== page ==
Posterior lumbar interbody fusion (PLIF) is a surgical technique that involves removing a disc and fusing vertebrae together in the lower back (the lumbar region).
The procedure involves making an incision in the midline of the back. After cutting into the middle of the layer of muscle and ligament that sits on either side of the spine, the attachments to the spinous process and lamina are freed.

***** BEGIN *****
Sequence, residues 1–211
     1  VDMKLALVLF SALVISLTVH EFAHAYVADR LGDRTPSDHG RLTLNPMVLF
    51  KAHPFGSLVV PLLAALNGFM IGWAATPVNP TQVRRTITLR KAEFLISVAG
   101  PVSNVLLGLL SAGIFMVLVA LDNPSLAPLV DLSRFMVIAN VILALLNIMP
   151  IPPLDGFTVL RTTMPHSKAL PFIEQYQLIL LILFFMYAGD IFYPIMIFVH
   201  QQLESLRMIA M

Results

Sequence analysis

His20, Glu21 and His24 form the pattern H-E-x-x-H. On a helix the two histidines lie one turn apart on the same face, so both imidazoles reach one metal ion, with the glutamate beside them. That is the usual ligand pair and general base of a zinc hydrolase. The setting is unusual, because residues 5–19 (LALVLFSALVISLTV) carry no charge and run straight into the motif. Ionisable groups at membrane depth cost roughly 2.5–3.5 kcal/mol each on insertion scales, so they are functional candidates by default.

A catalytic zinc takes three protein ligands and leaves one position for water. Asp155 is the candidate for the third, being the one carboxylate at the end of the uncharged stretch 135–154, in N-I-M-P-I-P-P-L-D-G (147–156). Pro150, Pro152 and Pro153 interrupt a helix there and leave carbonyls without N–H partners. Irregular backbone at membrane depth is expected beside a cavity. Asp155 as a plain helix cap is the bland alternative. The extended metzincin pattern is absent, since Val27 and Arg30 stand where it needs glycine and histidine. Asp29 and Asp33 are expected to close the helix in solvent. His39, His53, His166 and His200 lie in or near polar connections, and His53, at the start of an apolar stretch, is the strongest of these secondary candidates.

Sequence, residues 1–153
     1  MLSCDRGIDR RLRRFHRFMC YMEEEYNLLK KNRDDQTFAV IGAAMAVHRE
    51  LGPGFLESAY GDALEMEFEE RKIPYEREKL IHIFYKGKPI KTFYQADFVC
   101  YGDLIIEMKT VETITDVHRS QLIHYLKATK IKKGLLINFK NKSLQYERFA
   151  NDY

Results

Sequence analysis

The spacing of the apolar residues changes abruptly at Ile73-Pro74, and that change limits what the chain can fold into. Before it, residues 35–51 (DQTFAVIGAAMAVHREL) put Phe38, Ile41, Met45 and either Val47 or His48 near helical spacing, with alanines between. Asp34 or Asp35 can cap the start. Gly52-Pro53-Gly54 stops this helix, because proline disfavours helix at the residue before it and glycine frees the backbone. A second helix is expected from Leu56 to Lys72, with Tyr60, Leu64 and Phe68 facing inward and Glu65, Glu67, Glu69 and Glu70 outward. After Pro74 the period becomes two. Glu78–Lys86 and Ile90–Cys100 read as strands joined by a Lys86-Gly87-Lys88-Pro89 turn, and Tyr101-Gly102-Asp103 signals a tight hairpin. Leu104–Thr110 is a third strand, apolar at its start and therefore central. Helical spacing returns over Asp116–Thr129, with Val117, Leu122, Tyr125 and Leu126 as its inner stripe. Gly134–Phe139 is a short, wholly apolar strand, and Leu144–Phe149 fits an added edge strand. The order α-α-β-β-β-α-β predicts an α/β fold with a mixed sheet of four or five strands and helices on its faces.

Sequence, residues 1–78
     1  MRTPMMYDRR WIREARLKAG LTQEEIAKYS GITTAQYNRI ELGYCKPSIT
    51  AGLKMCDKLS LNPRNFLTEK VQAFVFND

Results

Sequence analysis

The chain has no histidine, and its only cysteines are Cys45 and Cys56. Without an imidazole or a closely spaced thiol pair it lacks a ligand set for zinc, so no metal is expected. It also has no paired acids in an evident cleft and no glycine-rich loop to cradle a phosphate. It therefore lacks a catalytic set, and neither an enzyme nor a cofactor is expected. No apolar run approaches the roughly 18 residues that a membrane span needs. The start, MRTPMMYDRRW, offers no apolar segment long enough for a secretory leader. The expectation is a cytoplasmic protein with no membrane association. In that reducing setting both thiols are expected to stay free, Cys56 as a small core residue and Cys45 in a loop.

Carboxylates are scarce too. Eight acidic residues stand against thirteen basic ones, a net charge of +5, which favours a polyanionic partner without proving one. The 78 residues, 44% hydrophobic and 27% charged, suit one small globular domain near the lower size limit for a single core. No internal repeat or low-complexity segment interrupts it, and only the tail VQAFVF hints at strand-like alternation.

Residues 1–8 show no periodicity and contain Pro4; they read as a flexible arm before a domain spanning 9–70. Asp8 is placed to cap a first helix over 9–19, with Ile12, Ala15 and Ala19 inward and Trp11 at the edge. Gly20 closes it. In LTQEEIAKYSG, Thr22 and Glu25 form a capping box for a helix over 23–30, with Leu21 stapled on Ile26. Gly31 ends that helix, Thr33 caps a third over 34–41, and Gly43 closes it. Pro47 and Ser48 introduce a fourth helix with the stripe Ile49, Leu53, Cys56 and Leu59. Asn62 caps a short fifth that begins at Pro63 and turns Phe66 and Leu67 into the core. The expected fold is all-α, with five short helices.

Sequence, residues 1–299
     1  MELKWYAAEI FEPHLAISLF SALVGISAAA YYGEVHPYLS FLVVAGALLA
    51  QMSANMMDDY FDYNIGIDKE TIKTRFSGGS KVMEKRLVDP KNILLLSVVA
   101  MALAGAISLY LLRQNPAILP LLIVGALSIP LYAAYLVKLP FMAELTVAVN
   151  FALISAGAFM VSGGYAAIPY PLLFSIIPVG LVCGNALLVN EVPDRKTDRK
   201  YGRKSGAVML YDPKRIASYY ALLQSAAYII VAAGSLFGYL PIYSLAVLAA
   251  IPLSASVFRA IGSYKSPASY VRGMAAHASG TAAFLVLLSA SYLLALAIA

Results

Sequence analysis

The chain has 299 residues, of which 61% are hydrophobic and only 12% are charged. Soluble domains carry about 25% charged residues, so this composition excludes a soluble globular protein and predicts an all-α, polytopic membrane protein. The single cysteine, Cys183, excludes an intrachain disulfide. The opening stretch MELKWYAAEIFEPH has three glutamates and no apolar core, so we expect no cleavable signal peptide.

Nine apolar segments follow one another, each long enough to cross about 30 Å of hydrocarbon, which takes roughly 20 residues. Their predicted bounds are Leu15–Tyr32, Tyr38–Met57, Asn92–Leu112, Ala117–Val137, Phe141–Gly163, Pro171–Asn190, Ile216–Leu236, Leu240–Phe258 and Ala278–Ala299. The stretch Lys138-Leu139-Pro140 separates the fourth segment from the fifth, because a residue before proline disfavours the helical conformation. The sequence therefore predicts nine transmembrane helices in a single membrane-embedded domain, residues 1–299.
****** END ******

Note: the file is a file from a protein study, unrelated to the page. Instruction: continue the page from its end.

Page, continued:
Using a special instrument that removes small bites of bone, the lamina is gradually removed until the surgeon can see the nerves. The nerves are then gently moved slightly to expose the disc between two vertebrae.
Using various instruments, the disc is removed through the right and left sides of the spinal canal and the space is then packed with bone graft and a bone block or cage implant. Devices such as pedicle screws are used to support the fused vertebrae. Additional bone grafts may be placed to ensure a solid fusion.